Helicobacter pylori (H. pylori) is a predominant pathogen that causes not only gastroduodenal diseases but also extra-alimentary tract diseases. In this study, we demonstrated that H. pylori infection promoted atherogenesis in heterozygous apoe+/- ldlr+/- mice. The male mice were fed with high fat diet from the age of 6 weeks. At the age of 16 weeks, development of atherosclerotic lesions was observed in the H. pylori-infected mice, and it seemed to be associated with an elevation of Th1-immune response against H. pylori origin-heat shock protein 60 (Hp-HSP60) and an increment of transendothelial migration of T cells. Subcutaneous immunisation with Hp-HSP60 or H. pylori eradication with antibiotics significantly reduced the progression of atherosclerosis, accompanied by a decline of Th1 differentiation and reduction of their chemotaxis beyond the endothelium. Thus, oral infection with H. pylori accelerates atherosclerosis in mice and the active immunisation with Hp-HSP60 or the eradication of H. pylori with antibiotics can moderate/prevent cellular immunity, resulting in a reduction of atherosclerosis.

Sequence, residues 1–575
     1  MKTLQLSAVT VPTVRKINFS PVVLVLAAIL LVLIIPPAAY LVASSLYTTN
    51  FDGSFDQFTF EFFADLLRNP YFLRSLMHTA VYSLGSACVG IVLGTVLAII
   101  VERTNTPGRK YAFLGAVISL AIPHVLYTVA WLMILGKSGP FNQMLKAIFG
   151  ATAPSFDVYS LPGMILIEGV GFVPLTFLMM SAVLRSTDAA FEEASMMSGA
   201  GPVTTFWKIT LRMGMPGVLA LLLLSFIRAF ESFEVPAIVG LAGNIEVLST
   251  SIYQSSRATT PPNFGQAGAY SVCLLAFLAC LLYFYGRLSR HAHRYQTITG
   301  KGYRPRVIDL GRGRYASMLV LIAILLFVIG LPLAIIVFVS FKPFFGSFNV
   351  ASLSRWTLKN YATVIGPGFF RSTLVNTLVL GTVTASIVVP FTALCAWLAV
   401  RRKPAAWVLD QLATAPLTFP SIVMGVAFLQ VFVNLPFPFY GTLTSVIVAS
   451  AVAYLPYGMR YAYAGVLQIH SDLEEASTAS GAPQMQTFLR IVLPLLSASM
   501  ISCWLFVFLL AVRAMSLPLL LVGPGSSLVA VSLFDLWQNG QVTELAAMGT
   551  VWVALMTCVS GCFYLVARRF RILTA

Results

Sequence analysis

- Heat shock protein 60 (HSP60)
- Helicobacter pylori (H. pylori
- Transendothelial migration
ASJC Scopus subject areas